(NEW YORK)—Following the Georgian Dream party’s reintroduction of the draft law on foreign agents in parliament, PEN America’s Liesl Gerntholtz warned that the move would weaken civil society by stigmatizing relationships with international partners and codifying judicial harassment of independent writers, artists, and cultural figures.

“After making a simple cosmetic change, the Georgian Dream party is again pushing a so-called ‘Foreign Agent Law’ to undermine the essential and independent work of writers, cultural figures, and journalists,” said Liesl Gerntholtz, PEN America’s director of the PEN/Barbey Freedom to Write Center. “The infamous draft bill perverts the meaning of the words ‘transparency,’ ‘accountability,’ and ‘security’ to weaken Georgia’s vibrant civil society. Make no mistake, this draft law will codify judicial harassment of independent writers, artists, and cultural figures, amongst others. The Georgian government must walk the talk of improving human rights in their professed efforts to join the European Union and cease all attempts at harassment of writers, artists, and other cultural figures pursuing independent work.”

Since the reintroduction of the draft law on foreign agents, now proposed as the law “On the Transparency of Foreign Influence,” people have protested in the streets. International civil society organizations have warned again that the draft law threatens press freedom and democratic principles. The European Union, which Georgia is in the process of joining, has also expressed concern and warned that the law contravenes media freedom.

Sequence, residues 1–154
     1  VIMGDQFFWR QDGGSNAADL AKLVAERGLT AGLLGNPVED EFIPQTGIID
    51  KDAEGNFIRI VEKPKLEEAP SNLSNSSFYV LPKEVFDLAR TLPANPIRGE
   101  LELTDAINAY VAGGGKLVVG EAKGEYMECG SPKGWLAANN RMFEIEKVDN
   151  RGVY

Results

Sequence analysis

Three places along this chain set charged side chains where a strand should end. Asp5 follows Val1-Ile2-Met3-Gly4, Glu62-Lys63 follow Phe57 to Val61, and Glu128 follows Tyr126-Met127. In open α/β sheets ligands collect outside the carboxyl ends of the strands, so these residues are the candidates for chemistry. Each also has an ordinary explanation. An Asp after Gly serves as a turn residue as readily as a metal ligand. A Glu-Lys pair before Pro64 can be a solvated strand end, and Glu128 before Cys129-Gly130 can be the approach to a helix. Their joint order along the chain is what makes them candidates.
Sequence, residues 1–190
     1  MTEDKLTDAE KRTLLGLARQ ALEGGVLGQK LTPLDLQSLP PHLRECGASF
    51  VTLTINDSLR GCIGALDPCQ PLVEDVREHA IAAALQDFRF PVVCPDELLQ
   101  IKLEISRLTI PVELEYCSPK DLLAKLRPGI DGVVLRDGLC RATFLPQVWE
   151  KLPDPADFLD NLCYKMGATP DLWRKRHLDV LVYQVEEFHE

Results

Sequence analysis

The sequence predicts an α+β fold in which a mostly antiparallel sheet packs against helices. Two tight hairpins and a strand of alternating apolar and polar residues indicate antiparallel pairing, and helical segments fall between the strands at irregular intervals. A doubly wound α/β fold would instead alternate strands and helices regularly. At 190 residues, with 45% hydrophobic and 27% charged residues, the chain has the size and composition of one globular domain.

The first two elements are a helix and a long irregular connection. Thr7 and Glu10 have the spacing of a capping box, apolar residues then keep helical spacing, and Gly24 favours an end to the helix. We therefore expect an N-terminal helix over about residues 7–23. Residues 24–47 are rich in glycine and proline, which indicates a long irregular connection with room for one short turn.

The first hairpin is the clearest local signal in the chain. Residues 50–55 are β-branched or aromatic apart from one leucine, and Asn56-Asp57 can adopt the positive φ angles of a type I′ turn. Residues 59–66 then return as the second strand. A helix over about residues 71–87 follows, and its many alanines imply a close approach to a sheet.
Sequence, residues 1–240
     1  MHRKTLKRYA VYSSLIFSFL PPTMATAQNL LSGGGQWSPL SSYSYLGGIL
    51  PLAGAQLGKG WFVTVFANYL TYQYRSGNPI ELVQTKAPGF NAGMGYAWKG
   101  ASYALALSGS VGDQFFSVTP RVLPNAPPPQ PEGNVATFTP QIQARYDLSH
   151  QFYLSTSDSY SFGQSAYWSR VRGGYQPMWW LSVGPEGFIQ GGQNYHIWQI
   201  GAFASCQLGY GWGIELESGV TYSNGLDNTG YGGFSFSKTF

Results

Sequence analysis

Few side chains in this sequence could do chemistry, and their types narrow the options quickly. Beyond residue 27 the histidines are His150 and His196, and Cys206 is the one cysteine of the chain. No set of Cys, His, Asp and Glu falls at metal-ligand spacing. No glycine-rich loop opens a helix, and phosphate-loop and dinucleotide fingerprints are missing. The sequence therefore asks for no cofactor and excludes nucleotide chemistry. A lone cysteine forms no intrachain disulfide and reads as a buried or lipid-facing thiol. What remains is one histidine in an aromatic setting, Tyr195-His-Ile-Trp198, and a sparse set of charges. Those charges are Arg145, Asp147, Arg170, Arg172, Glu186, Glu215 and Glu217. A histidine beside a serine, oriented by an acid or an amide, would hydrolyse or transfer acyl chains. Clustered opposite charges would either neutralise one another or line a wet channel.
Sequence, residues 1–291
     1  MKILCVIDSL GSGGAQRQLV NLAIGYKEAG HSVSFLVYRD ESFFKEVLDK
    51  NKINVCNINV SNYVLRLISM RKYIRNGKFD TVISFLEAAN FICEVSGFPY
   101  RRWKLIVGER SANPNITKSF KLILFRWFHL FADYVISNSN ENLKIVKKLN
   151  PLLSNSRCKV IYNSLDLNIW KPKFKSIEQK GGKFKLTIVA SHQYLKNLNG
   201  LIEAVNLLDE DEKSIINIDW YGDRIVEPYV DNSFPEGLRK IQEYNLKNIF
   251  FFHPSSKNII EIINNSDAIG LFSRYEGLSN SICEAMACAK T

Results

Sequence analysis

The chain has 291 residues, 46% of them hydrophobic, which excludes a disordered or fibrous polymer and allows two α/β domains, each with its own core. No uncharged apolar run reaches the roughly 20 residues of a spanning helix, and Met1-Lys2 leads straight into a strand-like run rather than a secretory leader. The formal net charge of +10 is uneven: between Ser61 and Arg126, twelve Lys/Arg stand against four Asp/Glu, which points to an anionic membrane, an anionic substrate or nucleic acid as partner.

The reintroduction of the law tracks a decline in human rights principles of free expression and cultural rights in Georgia’s cultural sphere. PEN America’s report Taming Culture in Georgia details how, in recent years, Georgia’s Ministry of Culture has targeted independent cultural figures who criticized the government or expressed views at odds with the government’s line. Many cultural figures and political experts in Georgia urged international support for the independent work of artists, writers, and cultural figures in the face of such attacks on their work and free expression.

Members of the Georgian Dream party—Georgia’s ruling political party—first introduced the draft law on foreign agents in February 2023. PEN America, along with several civil society and human rights groups in Georgia and internationally, expressed opposition to the draft law as people took to the streets of Tbilisi to protest the bill. Critics warned that it mirrored Russia’s foreign agent law, which has severely restricted free expression in Russian civil society. The Georgian Dream unconditionally pulled the bill from consideration.